The goals addon is pretty simple: there are "first" goals which award 3 VP to the first player (or players if tied) to meet the requirements. This includes first to discard, first to one world of each production type, first to play a 6-cost development, and some others. The second type is "most" goals. These award 5 VP to the player with the "most" of a certain item. These are most developments, production worlds, windfall worlds, and largest army. These can be stolen from each other.

Honestly, this is something that should have been included in the original game and I think it adds interaction to what was essentially multi-player solitaire before.

Solitaire Mode
The solitaire mode looks incredibly complex upon first reading, but once you get the hang of it, it's pretty straightforward. Place your 2 actions and roll 2 dice to see what the "robot" does and follow the instructions. One of the main issues I have with it is that it takes a completely different strategy to beat, so you can't really use it for practicing strategy. It also can be frustrating as you can't effectively play production and consume actions without giving the robot a ton of points.

Overall, it's a nice addition to the original game, but for ~$18 it's definitely on the pricey side for what you get. Especially since the main game mechanic should have been included in the original.
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7 of 8 people found the following review helpful
on May 13, 2011
I love the original game and this expansion is almost perfect. The start worlds are new and balanced and there are some very interesting new playing cards. The single player Robot is well done. It's challenging and takes a different strategy than a human player but is plenty beatable; well on easy anyway, I haven't tried the hard version. The only negative is that there are not all that many new cards in this set. However there is almost no filler, all of the new cards are unique. Combine that with a well done single player mode and I highly recommend this expansion for anyone who likes the original.
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11 of 14 people found the following review helpful
on April 28, 2009
This expansion allows an additional player to play Race for the Galaxy. The new cards and worlds added to the game by this expansion make new strategies viable. While the expansion is not required to play the base Race for the Galaxy game, once you have the expansion you will always be using it for your games.
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1 of 1 people found the following review helpful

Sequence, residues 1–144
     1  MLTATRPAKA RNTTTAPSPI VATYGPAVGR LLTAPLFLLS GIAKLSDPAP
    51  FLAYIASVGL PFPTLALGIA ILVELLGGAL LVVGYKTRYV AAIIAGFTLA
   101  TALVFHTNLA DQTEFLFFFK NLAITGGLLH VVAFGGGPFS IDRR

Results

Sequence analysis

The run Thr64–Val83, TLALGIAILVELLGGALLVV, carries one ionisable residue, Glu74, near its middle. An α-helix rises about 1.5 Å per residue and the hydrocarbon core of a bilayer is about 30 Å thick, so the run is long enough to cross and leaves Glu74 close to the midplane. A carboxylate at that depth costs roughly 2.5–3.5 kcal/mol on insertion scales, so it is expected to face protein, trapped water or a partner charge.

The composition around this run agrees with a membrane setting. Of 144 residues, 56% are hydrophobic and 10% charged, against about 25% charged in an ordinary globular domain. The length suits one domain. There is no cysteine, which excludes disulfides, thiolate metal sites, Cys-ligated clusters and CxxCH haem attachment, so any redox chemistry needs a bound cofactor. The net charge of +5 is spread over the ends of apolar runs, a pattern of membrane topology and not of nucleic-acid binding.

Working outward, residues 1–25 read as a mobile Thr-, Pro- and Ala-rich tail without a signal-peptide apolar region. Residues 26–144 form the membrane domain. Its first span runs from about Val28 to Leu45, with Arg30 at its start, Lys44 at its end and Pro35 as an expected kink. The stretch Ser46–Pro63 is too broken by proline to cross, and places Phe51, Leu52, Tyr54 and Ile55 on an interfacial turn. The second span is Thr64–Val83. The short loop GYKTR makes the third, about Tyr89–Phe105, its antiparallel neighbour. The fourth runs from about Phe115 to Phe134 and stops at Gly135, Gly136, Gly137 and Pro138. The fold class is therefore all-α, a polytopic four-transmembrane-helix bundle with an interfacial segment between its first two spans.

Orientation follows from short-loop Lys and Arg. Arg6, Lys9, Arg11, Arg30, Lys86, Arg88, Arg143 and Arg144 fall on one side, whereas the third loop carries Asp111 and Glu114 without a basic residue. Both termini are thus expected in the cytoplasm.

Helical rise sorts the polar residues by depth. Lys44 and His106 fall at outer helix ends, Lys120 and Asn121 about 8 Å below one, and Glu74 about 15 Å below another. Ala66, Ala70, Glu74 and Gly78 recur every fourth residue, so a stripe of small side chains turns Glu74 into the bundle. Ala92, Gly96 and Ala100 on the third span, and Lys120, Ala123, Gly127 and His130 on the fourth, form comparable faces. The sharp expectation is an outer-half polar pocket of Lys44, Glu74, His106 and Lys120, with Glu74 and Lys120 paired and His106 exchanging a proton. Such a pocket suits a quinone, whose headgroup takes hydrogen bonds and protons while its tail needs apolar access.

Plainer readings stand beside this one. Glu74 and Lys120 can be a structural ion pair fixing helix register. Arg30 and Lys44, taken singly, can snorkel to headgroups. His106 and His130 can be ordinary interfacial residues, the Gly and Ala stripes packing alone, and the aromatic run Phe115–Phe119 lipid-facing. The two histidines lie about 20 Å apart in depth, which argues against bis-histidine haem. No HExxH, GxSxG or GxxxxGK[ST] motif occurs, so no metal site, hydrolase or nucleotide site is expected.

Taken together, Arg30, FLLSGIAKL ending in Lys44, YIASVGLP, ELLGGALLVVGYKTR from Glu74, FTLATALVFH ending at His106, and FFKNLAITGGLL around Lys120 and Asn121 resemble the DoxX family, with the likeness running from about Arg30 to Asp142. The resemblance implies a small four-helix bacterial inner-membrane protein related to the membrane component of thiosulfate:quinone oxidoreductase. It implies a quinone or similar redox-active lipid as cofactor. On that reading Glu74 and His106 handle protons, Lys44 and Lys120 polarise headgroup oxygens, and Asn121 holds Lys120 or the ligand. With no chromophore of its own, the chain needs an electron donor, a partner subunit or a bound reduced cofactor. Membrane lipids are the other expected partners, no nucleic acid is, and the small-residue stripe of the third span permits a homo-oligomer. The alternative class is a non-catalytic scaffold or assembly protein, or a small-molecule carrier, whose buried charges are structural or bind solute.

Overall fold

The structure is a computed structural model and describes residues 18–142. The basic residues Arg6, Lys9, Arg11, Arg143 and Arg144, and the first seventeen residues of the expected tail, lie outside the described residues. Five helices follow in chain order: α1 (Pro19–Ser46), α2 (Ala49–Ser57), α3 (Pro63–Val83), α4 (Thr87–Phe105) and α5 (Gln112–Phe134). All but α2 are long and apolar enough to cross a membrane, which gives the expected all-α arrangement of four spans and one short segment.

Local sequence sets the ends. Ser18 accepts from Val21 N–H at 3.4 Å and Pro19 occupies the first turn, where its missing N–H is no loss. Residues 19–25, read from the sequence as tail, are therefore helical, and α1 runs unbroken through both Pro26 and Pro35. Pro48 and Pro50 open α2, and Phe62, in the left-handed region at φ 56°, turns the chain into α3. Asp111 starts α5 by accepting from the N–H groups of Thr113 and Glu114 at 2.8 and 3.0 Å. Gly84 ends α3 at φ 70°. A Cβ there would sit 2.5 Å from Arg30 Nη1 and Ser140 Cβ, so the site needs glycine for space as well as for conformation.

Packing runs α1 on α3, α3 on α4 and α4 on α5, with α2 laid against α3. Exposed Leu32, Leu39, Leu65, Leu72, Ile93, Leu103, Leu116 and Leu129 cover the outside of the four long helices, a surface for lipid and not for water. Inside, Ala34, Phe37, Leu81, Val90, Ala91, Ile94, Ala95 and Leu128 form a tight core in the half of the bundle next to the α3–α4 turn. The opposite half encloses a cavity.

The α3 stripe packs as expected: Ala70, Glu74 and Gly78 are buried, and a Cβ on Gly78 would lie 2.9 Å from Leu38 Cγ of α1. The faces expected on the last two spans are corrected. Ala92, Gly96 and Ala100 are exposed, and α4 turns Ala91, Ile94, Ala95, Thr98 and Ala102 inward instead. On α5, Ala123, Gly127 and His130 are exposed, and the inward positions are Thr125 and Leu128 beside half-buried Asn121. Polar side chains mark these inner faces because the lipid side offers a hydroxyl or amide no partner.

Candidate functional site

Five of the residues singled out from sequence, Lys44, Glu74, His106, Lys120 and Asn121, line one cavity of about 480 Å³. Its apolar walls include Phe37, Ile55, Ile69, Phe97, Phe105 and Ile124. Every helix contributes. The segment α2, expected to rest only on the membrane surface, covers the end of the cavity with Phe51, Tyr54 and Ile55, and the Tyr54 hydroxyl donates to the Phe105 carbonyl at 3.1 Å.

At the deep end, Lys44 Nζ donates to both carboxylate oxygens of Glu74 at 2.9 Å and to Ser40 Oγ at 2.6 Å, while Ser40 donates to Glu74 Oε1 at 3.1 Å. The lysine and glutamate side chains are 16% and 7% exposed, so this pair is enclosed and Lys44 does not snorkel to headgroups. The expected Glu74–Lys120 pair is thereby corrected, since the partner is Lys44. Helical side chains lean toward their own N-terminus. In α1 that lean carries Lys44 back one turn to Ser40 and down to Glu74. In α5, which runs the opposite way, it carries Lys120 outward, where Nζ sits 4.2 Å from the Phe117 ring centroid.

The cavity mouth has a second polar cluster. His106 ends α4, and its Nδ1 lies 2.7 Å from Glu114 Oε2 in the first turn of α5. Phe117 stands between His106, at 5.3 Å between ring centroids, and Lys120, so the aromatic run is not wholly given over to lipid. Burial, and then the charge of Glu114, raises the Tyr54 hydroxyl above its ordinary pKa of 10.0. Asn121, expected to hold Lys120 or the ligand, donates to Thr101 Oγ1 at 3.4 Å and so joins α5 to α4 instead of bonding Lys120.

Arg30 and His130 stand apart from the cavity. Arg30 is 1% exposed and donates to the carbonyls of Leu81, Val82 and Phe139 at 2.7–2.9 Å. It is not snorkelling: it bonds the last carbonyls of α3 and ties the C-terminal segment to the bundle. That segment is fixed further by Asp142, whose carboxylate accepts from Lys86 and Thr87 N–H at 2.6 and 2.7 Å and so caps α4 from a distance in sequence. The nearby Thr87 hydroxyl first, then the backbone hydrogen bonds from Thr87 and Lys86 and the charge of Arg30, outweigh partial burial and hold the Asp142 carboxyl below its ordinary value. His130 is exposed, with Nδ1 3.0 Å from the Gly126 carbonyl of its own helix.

on May 2, 2013
For a relatively small number of pieces, this adds a lot of variety to the game play of Race for the Galaxy, including various objectives that provide different strategic opportunities for victory points and even a solitaire mode. It is well worth your time as an expansion.
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on March 6, 2014
This expansion has added a really good idea: Goal system. This makes the game strategy more complicated and potentially more balanced. However, new cards added are pretty limited. And, most of all, a huge effort has been put to design a "robot" player strategy which can only be used for ONE player situation. As I mentioned in my review to the RFTG original version, there is a pretty good AI software on Windows which can play as an experienced human player. If I am on my own and feel like to play several RFTG games, the PC version will definitely be the top choice. So this "robot" player expansion is, to my opinion, a total waste of money and effort.
Since this big portion of the expansion is not useful at all, the overall value of the whole package is very poor... The goals can be simply written on paper and won't significantly down grade the playing experience. Then all the money is just for handful of new cards, which to my opinion don't really add much to the existing strategies.

So, in one word, this expansion pack is far below my expectation and I won't recommend it to anyone who is not a huge fan of RFTG and just want to have a complete set of expansion packs for his/her collection.
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on February 27, 2015
My only complaint about this expansion is the number of goal cards provided. The rules suggest you pick 2 of the 4 "ongoing" goals (the ones that change hands, depending on who has the most of <some card type>) and then 4 of the 6 "first to reach x" goals, which means that there is a lot of redundancy in what goals you see.

My wife and I easily came up with a number of other goals but without having a blank template like they provided for the actual cards, we had to come up with a more convoluted means of incorporating our own.

The rest of the expansion is fine and an excellent addition to the game. Though the new version of the Alien Rosetta Stone planet is stupid broken.
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on September 2, 2013
My wife and I play the original game quite a bit. This expansion, as well as the second expansion, was a great way to add more cards for more variety in play, and more players to the game. This expansion also comes with a few blank "make your own" cards which were a lot of fun to include in our usual group. There is also the addition of a single player "bot". While the bot feature is initially confusing, it turns out to be an elegant paper robot "AI" to play against. Unfortunately, while this is a novel idea, it is not a feature that I will use much because the whole point of table top games is to play with other people, still a neat idea.
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on June 30, 2015
I am a big fan of the Race for the Galaxy expansions that add players, start worlds, and more cards. One of the biggest issues with this game is going through cards too fast, so as far as I am concerned, the more cards the better! I bought this expansion for my own personal set as well as a gift, well received on both sides!

I recommend getting dragon shields for ALL the RFTG cards if you are adding expansions. That way you can't tell any difference in wear on the cards. I've loved them!

This is a perfect expansion for adding another player, and not really adding rules but just adding variety.